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Bacterial FtsZ induces mitochondrial fission in human cells

Abstract : Mitochondria are key eukaryotic organelles that evolved from an intracellular bacterium, in a process involving bacterial genome rearrangement and streamlining. As mitochondria cannot form de novo , their biogenesis relies on growth and division. In human cells, mitochondrial division plays an important role in processes as diverse as mtDNA distribution, mitochondrial transport and quality control. Consequently, defects in mitochondrial division have been associated with a wide range of human pathologies. While several protists have retained key components of the bacterial division machinery, none have been detected in human mitochondria, where the dynamin-related protein Drp1, a cytosolic GTPase is recruited to the mitochondrial outer membrane, forming helical oligomers that constrict and divide mitochondria. Here, we created a human codon optimized version of FtsZ, the central component of the bacterial division machinery, and fused it to a mitochondrial targeting sequence. Upon expression in human cells, mt-FtsZ was imported into the mitochondrial matrix, specifically localizing at fission sites prior to Drp1 and significantly increasing mitochondrial fission levels. Our data suggests that human mitochondria have an internal, matrix-localized fission machinery, whose structure is sufficiently conserved as to accommodate bacterial FtsZ. We identified interaction partners of mt-FtsZ, and show that expression of PGAM5, FAM210, SFXN3 and MTCH1 induced mitochondrial fission. Our results thus represent an innovative approach for the discovery of novel critical mitochondrial fission components.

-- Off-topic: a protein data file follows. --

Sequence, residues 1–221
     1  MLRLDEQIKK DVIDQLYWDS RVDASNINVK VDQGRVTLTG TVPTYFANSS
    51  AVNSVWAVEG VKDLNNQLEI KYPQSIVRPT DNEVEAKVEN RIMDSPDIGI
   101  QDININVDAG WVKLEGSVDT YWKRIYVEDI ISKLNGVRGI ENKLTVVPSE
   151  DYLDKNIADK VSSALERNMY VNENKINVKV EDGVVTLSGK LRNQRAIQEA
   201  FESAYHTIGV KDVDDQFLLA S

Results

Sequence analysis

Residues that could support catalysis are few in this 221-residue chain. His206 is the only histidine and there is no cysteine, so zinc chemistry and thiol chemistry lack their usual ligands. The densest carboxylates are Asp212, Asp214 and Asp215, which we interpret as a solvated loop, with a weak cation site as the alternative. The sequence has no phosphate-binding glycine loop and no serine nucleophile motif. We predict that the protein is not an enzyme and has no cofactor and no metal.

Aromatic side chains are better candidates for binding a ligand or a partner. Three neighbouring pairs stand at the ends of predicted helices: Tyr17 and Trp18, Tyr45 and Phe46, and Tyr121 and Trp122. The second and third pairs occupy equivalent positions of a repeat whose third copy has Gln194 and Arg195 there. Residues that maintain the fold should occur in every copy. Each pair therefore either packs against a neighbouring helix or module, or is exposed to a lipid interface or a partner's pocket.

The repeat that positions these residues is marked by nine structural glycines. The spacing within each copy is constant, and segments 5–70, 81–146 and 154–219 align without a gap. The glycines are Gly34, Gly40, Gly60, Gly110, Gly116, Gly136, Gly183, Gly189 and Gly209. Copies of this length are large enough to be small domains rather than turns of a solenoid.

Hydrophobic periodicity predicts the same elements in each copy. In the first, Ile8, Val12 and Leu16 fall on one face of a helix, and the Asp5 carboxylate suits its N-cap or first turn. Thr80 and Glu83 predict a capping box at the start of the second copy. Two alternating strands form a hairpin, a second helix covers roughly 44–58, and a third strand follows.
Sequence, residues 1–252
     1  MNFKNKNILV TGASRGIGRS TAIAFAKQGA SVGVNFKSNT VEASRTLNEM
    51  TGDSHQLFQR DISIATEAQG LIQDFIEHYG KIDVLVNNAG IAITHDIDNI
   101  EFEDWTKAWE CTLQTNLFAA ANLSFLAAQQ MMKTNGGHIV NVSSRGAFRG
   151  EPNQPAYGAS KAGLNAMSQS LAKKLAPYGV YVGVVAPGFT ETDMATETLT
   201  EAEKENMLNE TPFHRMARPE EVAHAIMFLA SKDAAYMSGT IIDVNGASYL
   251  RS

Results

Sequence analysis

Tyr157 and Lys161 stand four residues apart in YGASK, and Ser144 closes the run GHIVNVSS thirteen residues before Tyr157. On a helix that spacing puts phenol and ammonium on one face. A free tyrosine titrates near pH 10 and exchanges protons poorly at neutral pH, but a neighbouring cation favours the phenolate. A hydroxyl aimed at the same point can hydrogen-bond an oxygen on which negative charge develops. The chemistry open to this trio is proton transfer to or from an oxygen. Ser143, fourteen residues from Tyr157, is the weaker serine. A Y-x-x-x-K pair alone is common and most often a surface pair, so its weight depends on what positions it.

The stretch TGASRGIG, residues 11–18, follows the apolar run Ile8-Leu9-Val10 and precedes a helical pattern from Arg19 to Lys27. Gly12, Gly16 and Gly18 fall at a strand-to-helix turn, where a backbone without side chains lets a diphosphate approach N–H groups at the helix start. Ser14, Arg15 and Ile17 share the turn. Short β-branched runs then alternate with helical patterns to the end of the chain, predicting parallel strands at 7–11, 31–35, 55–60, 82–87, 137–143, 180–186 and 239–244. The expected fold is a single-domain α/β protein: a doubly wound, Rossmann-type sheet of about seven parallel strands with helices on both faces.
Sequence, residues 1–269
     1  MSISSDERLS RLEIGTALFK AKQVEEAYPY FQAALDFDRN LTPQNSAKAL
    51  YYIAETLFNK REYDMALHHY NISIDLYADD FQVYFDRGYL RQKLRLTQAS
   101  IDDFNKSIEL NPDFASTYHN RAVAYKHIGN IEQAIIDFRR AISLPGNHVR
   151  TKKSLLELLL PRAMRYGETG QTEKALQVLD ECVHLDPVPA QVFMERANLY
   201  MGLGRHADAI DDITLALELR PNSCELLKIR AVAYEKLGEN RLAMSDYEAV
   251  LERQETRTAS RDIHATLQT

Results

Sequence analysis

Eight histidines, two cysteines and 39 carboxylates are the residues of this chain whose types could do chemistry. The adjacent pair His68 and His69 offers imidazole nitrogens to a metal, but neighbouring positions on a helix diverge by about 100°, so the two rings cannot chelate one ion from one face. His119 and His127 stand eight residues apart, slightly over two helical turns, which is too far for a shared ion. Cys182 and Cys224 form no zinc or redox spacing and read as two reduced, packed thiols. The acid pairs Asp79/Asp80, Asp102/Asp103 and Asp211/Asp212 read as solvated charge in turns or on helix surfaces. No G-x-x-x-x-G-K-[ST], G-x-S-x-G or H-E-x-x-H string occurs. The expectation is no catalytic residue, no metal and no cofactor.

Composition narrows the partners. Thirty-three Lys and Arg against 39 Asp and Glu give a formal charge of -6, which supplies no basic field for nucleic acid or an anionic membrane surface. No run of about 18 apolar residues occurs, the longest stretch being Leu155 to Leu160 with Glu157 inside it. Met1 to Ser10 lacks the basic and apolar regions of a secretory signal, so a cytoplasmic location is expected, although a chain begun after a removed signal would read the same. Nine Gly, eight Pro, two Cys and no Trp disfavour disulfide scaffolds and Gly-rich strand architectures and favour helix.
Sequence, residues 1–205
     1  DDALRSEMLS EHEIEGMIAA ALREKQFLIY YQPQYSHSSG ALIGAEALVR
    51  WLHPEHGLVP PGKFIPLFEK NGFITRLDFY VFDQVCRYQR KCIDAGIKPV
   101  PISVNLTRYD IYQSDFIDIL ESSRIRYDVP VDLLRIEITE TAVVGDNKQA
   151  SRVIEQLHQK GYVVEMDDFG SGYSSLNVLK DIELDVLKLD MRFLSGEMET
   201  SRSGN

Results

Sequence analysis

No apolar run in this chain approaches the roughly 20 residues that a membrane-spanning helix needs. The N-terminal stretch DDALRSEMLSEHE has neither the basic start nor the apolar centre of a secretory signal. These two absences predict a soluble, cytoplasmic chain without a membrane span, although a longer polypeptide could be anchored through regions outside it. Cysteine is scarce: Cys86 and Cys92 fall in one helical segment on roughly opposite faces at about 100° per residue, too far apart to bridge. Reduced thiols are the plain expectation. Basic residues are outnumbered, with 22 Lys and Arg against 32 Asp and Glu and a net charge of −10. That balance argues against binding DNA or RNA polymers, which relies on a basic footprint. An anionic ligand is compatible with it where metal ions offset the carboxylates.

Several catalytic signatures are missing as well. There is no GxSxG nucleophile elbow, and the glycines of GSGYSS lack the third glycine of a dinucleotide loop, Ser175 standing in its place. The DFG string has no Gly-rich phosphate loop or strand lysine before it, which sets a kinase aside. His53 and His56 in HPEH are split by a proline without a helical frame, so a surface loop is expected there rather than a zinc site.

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Preprints, Working Papers, ...
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Contributor : Fabrizia Stavru <>
Submitted on : Sunday, January 3, 2021 - 8:20:09 PM
Last modification on : Friday, January 22, 2021 - 4:16:02 PM
Long-term archiving on: : Sunday, April 4, 2021 - 6:27:43 PM


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Anna Spier, Martin Sachse, To Nam Tham, Mariette Matondo, Pascale Cossart, et al.. Bacterial FtsZ induces mitochondrial fission in human cells. 2021. ⟨pasteur-03093327⟩



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